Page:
|Exercise reduces heart and cholesterol rates when done at least three times per week…||Regular exercise||Physical benefit of reduced cholesterol|
|Another physical benefit of regular exercise is that it results in stronger heart and lungs…||Regular exercise||Physical benefit of stronger heart and lungs|
|People who exercise regularly have less trouble with sleep disorders…||Regular exercise||Physical benefit of less trouble sleeping|
|A benefit that spans the physical and emotional results of regular exercise is the release of endorphins, or substances produced by glands as a byproduct of exercise…||Regular exercise||Physical and emotional benefits of endorphins|
|In multiple studies, regular exercise has been shown to reduce stress…||Regular exercise||Emotional benefit of reduced stress|
|Because regular exercise often helps to slow the effects of aging and maintain a good body weight, people who exercise regularly experience the emotional benefits of good self-image and self-confidence in their looks…||Regular exercise||Emotional benefit of better self-image & confidence|
Realize that all paragraphs do not need topic sentences. Sometimes, you may need multiple paragraphs to help explain one topic sentence, because you have a lot of supporting information.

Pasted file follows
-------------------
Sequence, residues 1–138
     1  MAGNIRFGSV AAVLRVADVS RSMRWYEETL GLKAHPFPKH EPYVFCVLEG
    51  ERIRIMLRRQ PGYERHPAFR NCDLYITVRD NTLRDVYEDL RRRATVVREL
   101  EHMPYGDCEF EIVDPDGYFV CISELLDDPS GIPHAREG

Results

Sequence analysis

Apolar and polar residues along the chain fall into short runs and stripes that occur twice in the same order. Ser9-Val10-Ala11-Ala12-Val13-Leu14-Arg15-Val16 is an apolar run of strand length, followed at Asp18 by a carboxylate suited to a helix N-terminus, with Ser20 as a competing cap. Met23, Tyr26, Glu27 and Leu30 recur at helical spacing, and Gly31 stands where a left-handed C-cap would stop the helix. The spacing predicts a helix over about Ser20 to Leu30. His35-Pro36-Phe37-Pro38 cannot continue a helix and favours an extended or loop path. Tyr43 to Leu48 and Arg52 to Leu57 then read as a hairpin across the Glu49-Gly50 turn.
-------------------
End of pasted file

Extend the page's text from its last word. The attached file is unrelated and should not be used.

When to Paragraph
How do you know when “enough is enough”—when you have enough information in one paragraph and have to start a new one? A very rough guide is that you need more than one or two paragraphs per page of type. Paragraphing conventions online require even shorter paragraphs, with multiple short paragraphs on one screen.
It’s best to deal with paragraphs as part of the revision step in the writing process. Find places where the information shifts in focus, and put paragraph breaks in those places. You can do your best to paragraph as you draft but know you’ll address paragraphing more during the revision process.
Linking Paragraphs: Transitions
Transitions are words or phrases that indicate linkages in ideas. When writing, you need to lead your readers from one idea to the next, showing how those ideas are logically linked. Transition words and phrases help you keep your paragraphs and groups of paragraphs logically connected for a reader. Writers often check their transitions during the revising stage of the writing process.
Here are some example transition words to help as you transition both within paragraphs and from one paragraph to the next.
|Transition Word / Phrase:||Shows:|
|and, also, again||More of the same type of information is coming; information expands on the same general idea.|
|but, or, however, in contrast||Different information is coming, information that may counteract what was just said.|
|as a result, consequently, therefore||Information that is coming is a logical outgrowth of the ideas just presented.|
|for example, to illustrate||The information coming will present a specific instance, or present a concrete example of an abstract idea.|
|particularly important, note that||The information coming emphasizes the importance of an idea.|
|in conclusion||The writing is ending.|